[identity profile] lynn82md.livejournal.com posting in [community profile] prochoice_maryland
n Nov. 27 last year, a vicious gunman opened fire on health care providers at a Planned Parenthood community clinic in Colorado Springs, Colo., killing three people, including a local law enforcement officer. It was later learned that the assailant had been motivated in part by extreme anti-abortion rhetoric related to the false allegations that Planned Parenthood has been profiting from the sale of fetal tissue. In 2009, respected physician Dr. George Tiller was gunned down during a worship service at his church in Wichita, Kan., after he was publicly cited in the media and even on the Floor of the House of Representatives as a practitioner of late-term abortions. Since 1993, there have been 11 murders and 26 attempted murders resulting from extreme anti-abortion violence, not to mention more than 200 arson attacks since the Roe v. Wade ruling in 1973.

Perhaps just as tragic as these crimes is the reality that they might have been prevented had politicians and commentators refrained from crossing a very dangerous line. By combining a relentless barrage of accusatory and dehumanizing rhetoric with the release of specific identification of individuals and organizations, they bear some culpability for creating the conditions that led to these crimes.

Yet, having failed to learn from the very real and very dangerous consequences of extreme rhetoric and the publication of names and personal information of those who provide reproductive care services, House Republicans are now placing other health care practitioners, researchers, patients and first responders in danger — this time in our home state of Maryland.


They are doing so by continuing their nearly year-long witch-hunt targeting women's access to safe and comprehensive health care. Their investigation has so far failed to identify any wrongdoing against Planned Parenthood or any other health care provider. Yet what has come to be known as the Republican Panel to Attack Women's Health continues to operate without an end-date.

Now, its activities have reached a new low. On May 11, Republicans on the panel, led by its Chairwoman Marsha Blackburn of Tennessee, released a statement to the press that included the name and workplace of a Maryland doctor. Moreover, the panel has also issued 36 subpoenas to health care providers, researchers, care facilities, patients, and E.M.T. first responders across the country — without first contacting the subjects of the subpoenas to request voluntary compliance. This particularly unique form of congressional harassment is more than disruptive; it has the potential to contribute to the incitement of the kind of violence we saw in Colorado and Kansas.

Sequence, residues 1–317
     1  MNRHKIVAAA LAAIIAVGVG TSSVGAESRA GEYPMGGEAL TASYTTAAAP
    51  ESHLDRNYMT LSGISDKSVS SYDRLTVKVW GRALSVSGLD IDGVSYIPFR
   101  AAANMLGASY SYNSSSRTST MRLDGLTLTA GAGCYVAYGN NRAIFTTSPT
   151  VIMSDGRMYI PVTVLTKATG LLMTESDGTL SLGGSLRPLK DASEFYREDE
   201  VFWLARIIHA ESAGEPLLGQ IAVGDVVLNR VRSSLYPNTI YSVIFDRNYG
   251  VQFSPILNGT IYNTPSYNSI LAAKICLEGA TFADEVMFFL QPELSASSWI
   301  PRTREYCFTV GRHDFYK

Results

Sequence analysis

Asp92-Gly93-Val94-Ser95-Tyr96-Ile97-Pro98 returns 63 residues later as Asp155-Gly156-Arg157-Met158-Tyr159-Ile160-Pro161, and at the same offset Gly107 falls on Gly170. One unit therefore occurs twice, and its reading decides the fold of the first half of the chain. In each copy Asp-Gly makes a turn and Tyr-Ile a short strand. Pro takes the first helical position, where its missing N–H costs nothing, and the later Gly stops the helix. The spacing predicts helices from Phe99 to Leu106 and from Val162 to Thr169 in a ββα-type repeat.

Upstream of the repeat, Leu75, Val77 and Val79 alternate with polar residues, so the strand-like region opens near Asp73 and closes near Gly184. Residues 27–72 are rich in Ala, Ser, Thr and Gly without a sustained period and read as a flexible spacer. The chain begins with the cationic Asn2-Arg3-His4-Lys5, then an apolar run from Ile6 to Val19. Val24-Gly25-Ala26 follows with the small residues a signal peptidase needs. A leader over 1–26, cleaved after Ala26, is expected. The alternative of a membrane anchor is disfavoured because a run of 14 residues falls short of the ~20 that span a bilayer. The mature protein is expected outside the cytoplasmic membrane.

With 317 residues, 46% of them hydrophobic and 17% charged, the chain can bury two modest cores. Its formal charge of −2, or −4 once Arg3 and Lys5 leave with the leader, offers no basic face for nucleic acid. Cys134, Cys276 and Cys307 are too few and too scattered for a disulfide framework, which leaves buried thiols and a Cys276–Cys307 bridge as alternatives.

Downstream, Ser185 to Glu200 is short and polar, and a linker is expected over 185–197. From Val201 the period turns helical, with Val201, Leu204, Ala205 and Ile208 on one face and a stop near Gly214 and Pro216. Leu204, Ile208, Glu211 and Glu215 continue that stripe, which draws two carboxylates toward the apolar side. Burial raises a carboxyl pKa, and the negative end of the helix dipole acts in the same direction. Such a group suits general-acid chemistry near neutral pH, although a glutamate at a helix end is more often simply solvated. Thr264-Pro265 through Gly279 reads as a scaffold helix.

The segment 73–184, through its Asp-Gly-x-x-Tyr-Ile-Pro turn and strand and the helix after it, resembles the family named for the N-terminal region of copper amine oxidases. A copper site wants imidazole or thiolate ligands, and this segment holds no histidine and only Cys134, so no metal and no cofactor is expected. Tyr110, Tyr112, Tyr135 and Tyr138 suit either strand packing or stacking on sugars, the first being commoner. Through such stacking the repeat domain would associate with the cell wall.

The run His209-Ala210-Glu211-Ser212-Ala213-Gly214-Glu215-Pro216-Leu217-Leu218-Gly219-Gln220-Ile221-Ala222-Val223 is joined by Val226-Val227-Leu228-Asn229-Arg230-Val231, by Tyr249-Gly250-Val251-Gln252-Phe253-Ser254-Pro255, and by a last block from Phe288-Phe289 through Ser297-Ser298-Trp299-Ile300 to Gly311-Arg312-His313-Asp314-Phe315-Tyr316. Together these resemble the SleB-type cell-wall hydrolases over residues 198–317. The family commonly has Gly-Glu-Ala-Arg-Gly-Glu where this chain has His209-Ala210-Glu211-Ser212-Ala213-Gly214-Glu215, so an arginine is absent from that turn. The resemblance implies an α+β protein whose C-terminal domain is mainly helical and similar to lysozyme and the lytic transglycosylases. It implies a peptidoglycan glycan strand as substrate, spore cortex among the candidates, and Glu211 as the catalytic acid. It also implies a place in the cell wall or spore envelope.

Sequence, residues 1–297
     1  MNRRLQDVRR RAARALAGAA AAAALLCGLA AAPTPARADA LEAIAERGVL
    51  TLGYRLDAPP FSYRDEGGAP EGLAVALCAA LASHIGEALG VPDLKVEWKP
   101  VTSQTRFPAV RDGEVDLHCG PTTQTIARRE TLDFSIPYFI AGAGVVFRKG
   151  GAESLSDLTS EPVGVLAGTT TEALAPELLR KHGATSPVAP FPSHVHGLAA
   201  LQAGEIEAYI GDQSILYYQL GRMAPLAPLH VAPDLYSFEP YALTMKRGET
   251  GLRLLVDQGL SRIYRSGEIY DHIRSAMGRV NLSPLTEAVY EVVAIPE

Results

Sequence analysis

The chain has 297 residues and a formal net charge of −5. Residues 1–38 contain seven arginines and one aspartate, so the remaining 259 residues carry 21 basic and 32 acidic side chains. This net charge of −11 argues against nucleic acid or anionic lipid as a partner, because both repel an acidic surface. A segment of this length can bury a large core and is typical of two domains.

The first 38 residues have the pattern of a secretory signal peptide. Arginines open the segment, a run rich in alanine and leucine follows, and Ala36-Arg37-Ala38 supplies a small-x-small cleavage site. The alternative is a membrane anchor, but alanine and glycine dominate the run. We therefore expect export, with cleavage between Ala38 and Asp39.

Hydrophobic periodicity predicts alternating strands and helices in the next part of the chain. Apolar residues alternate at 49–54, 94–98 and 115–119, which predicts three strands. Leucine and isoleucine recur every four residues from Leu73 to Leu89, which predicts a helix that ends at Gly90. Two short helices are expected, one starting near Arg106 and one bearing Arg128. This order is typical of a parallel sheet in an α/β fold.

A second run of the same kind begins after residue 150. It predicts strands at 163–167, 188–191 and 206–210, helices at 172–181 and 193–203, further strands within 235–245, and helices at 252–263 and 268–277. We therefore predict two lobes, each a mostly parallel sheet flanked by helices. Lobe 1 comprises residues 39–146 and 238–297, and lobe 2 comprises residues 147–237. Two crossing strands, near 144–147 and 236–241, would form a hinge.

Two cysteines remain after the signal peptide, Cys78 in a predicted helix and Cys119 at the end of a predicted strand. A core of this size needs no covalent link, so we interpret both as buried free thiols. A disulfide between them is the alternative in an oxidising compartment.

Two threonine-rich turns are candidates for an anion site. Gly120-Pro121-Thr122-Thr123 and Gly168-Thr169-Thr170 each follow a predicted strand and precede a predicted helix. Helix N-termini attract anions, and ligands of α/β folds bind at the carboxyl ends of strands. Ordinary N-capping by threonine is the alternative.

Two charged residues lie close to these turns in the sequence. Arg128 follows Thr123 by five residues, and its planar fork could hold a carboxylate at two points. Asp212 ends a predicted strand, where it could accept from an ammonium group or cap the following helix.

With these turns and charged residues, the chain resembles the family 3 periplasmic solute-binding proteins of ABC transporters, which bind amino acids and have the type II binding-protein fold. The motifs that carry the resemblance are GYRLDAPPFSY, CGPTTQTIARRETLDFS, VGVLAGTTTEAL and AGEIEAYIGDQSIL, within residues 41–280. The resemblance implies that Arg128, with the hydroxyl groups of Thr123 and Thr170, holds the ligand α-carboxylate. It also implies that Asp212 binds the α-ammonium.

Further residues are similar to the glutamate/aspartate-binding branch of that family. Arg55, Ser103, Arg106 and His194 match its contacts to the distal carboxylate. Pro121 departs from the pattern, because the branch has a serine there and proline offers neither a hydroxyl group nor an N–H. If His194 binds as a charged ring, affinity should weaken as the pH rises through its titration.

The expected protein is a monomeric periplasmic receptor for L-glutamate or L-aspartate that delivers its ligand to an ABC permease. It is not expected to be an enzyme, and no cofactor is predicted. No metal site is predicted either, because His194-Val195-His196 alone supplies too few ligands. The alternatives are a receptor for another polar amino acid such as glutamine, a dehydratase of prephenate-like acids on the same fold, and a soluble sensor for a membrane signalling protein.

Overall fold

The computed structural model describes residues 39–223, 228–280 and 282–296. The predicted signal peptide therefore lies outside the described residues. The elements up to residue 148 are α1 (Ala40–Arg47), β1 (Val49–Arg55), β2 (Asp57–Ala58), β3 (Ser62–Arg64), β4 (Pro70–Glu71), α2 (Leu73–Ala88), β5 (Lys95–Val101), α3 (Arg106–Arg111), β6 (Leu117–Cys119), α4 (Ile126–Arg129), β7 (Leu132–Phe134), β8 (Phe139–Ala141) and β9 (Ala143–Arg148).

As long as this House Select Investigative Panel continues to operate, individuals providing health care for women will live in constant fear of having their names appear on the panel's next press release. Researchers will continuously worry that their search for lifesaving cures — using fetal tissue lawfully obtained — could bring with it danger. First responders will hesitate before answering an emergency call from a woman suffering a miscarriage or even going into labor, fearing that they may be summoned before the panel and then be assigned vile epithets by pundits on the evening news.

This panel has already wasted hundreds of thousands of taxpayer dollars without identifying an ounce of wrongdoing. Similar investigations in 20 states have cleared Planned Parenthood of any wrongdoing and come to an end. In fact, the only people to be brought up on charges have been the extreme anti-abortion activists who produced the manipulated videos that sparked these investigations. In January, they were indicted in Texas on felony and misdemeanor charges relating to record tampering and attempting to purchase human organs.

On Monday, June 13, the House Republicans' panel is scheduled to depose subpoenaed witnesses in its ongoing witch-hunt. If this deposition proceeds, it could place the lives of doctors, researchers, patients and first responders — and their family members — at risk. We don't want to wake up on June 14 to the tragic news that rhetoric has become unthinkable reality. Not in Maryland, not anywhere. Those who work in our health care sector deserve better from Congress, and so do the American people — and we're going to continue working to bring this dangerous farce of a politically motivated investigation to an end.

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